Since the advent of digital advertisement in the early 2000s, a cloud of doom-and-gloom has been hanging over direct mail marketing. But this pessimism is largely self-created; direct mail services have simply redefined their role in the marketplace as part of an all-inclusive marketing strategy.
In fact, when it comes to response rate, direct mail campaigns still outperform other forms of advertising. Case in point: Direct mail achieves a 4.4% response rate, as opposed to .12% for email. And overall, direct mail has a response rate ten to thirty times higher than that of display ads or paid search.
So, maybe you’ve hit a period of stagnation for your direct mail business. But plenty of opportunity exists, and your business’s performance can’t be blamed on flailing industry numbers. According to US Presort, millennials are more likely than other generations to scan and read physical mail. As this generation continues to enter the workforce in droves, so will the momentum behind printed mailing services.
Keep reading to find out how you can take advantage of this burgeoning engagement with direct mail marketing. We have a few tips to help improve your prospects and cash flow.
1. Learn your Niche
Specialization is the quickest route to differentiating yourself in the marketplace. If you or your high-ranking team members have experience across a multitude of verticals, try to home in on the industry that has generated the most positive feedback from clients.
A specific niche will also curtail the amount of time you’ll spend acquiring a comprehensive database of targeted people. Whether you are data scraping or purchasing mailing lists from another source, building up a list of potential partnerships takes time and money.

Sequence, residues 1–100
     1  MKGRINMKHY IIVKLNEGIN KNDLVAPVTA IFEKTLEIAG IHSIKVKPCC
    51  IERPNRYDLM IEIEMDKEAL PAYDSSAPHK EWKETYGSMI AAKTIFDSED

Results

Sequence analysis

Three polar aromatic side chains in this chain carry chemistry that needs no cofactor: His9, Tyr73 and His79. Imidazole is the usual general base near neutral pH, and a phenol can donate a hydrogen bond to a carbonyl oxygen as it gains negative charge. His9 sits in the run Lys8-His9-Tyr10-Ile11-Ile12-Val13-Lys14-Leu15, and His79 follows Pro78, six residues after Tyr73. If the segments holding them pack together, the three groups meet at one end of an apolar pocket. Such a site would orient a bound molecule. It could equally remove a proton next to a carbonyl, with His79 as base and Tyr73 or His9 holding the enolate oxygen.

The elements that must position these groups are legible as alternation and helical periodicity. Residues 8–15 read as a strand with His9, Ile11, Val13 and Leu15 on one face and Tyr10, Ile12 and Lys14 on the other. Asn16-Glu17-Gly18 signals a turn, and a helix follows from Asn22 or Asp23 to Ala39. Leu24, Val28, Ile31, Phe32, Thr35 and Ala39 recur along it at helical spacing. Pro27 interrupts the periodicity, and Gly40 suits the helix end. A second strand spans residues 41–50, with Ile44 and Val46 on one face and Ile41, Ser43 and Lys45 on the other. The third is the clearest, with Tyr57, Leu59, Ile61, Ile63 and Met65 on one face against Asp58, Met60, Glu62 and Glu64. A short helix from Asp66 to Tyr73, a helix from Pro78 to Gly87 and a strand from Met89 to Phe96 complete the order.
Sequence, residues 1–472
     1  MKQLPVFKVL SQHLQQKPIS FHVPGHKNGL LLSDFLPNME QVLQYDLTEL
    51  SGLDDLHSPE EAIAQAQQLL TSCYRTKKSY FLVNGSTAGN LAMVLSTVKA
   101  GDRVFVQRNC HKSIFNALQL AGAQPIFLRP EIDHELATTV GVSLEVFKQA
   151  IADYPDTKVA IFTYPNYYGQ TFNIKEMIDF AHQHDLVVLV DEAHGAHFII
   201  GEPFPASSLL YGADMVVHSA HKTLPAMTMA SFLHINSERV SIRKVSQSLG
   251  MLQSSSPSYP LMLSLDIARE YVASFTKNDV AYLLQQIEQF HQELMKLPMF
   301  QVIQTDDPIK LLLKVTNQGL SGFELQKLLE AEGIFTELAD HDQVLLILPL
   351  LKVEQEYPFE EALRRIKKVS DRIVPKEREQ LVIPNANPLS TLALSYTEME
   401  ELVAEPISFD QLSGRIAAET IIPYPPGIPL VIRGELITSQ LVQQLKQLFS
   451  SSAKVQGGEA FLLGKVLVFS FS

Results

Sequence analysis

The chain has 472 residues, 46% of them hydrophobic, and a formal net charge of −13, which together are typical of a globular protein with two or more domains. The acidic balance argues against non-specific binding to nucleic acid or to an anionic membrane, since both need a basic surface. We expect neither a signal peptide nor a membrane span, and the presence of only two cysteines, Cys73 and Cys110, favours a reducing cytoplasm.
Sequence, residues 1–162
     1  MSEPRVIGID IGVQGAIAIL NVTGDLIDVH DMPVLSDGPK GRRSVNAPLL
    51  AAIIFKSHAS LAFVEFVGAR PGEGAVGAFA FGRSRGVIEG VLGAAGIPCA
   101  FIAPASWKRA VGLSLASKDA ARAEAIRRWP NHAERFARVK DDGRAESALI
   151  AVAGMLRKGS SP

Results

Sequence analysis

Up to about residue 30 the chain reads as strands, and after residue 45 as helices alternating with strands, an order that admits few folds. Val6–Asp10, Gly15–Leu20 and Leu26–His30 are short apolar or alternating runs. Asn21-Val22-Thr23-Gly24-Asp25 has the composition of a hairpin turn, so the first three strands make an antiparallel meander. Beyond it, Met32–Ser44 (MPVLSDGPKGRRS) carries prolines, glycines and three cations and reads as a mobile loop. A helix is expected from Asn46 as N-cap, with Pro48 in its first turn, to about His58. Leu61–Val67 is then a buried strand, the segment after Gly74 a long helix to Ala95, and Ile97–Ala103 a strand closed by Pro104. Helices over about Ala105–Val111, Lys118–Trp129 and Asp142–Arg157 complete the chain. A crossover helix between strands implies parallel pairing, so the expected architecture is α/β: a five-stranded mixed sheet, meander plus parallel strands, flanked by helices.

Perhaps most importantly, the relevancy of your business correspondence will improve dramatically. Offering an opportunity for more dealership walk-ins rather than a vague allusion to improving brand impact will garner higher response rates.
2. Develop a sales letter that exemplifies your business’s excellence.
Your marketing campaign directly reflects the efficacy of your business’s mailing services. Likewise, you’ll need to prove your merit to whomever may be working with you in the future.
That means your sales letter, brochure, catalog, or advertising piece will have to resonate with the reader, while also commanding their attention during the brief “skim” period.
If you don’t have an in-house copywriter, perhaps outsourcing this role to a freelancer or agency would be a better choice (unless you feel like putting your Shakespearean writing skills to the test!)
3. Are you analyzing response rate and other metrics? Now is the time to start.
Analyzing response to direct mail marketing can be tricky. But if you want to test the efficacy of different types of copy or lumpy mail pieces, you’ll need to come up with a tracking system or internal code.
If you’re just starting out, you might add a simple letter to represent a particular batch e.g. copy version #1 corresponding to “Batch A,” copy version #2 corresponding with “Batch B,” etc. As your company’s volume of outgoing mail increases, you can get more granular with your tracking codes, adding numbers or characters that reference month, year, and offer.
4. Develop a list of dependable B2B leads.
Earlier, we mentioned data scraping. Well, we don’t recommend this as a method of collecting data. The dubious morality of combing the web for contact information notwithstanding, data scraping often produces irrelevant, antiquated, and uninterested leads for direct mail marketing.
So, what’s a better alternative? Contact a list broker. Not only do they have access to a veritable smorgasbord of demographic information, but they can also match your ideal customer to a preexisting list. True list brokers allow you to “rent” lists for a certain number of mailings; this prevents fraud and keeps clients honest.
5. Know your competition.
You’re now competing on a national stage. In the industry of direct mail marketing, location is effectively irrelevant, since companies can operate in any part of the United States (or the world, for that matter).
So, get to know the big fish in the pond. The larger, all-in-one direct mail marketing companies will charge more for their services because they’re invested a large amount of capital in brand awareness. Smaller operations will be competing on price, due to their lack of influence and fledgling reputation. Distinguishing yourself via specialization is a good way to establish your company as a trustworthy brand, rather than a wholesale vendor of commodities.